Six Senses Hotels Resorts Spas, a pioneer and global leader in combining luxury, wellness and sustainability, is raising the bar on eco-education with the launch of its newest program, Earth Lab.
Each of its 11 resorts now has a venue for showcasing and educating guests about their ongoing efforts to reduce consumption, produce as as many supplies locally as possible and support nearby communities and ecosystems.
The labs also offer workshops and do-it-yourself videos on everything from making your own toothpaste to the company's commitment to zero waste (meaning all materials are reused, recycled or upcycled).
"Each facility represents the seriousness we place on sustainability and the importance of working locally and with nearby communities to tread lightly on the environment and respect Mother Nature," said Bernhard Bohnenberger, president of Six Senses.
"We track metrics on all Earth Lab activities undertaken and are keen to provide that data to our guests," he said. "It's a one stop, fun place to learn, grow and explore our unique approach to developing and sustaining our people, our planet and wisely balancing profit."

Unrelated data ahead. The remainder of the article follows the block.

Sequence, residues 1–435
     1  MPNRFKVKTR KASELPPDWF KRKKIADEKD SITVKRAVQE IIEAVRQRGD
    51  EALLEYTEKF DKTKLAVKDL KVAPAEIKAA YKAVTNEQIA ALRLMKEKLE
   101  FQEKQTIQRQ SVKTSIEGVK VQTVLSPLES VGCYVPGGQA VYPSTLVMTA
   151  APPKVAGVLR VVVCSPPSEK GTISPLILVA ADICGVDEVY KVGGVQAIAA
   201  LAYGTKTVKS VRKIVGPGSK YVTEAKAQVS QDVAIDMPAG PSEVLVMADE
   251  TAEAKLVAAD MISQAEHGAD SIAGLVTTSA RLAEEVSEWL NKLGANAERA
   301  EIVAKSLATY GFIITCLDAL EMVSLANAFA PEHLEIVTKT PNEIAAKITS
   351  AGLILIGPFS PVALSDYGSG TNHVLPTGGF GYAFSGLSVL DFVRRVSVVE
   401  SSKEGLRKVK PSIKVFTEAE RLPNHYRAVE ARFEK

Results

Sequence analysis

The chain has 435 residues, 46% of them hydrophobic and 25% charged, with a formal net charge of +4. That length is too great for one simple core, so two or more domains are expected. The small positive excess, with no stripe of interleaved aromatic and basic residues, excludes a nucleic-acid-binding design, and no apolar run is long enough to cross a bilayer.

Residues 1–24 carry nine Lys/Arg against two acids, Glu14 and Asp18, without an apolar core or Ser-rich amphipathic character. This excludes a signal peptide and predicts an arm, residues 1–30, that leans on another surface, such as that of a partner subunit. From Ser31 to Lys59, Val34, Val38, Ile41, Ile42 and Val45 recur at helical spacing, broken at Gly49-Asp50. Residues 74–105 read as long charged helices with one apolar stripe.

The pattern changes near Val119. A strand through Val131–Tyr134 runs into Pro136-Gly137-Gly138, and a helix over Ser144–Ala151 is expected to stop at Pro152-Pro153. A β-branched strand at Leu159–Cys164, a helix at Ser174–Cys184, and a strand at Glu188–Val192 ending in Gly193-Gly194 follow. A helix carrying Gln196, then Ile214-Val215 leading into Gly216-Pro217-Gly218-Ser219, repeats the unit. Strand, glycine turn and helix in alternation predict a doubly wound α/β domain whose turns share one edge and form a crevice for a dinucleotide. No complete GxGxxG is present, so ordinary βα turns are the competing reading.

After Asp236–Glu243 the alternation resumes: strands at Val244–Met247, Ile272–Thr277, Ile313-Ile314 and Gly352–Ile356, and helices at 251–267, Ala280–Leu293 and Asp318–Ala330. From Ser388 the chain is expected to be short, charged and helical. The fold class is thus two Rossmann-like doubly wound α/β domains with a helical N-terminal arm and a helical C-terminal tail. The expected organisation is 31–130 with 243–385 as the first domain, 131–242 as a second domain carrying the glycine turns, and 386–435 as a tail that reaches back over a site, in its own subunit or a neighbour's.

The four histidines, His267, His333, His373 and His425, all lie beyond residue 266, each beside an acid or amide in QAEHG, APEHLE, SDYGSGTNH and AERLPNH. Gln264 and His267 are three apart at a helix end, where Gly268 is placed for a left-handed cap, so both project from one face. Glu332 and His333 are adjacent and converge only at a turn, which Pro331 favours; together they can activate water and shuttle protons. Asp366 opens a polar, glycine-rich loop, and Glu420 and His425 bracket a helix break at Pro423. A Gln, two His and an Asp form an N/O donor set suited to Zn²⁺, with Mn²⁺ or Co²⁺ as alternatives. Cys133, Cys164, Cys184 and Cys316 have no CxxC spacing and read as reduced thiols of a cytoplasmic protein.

Indeed, while being green and local has, at least in theory, become commonplace across much of the travel industry, Six Senses has always been an early leader and aggressive adopter of sustainability programs.
And because many of its locations, such as Zighy Bay in Oman and Ninh Van Bay in Vietnam, are quite remote, the zero-waste philosophy is not only good for the environment, it makes good business sense. For instance, some of the Earth Lab topics and educational activities feature the resorts' programs for bottling their own water to avoid not only transportation costs but also the use of plastic bottles; the use of goats at some properties for both milk and brush control; and making natural pesticides, organic cleaners and spa treatment products from locally grown plants.
Each lab serves as an accountability tool; they display data, for example, on the resort's consumption of water, energy and waste. Additionally, they feature information about offsite activities such as marine conservation work, forest restoration and community development.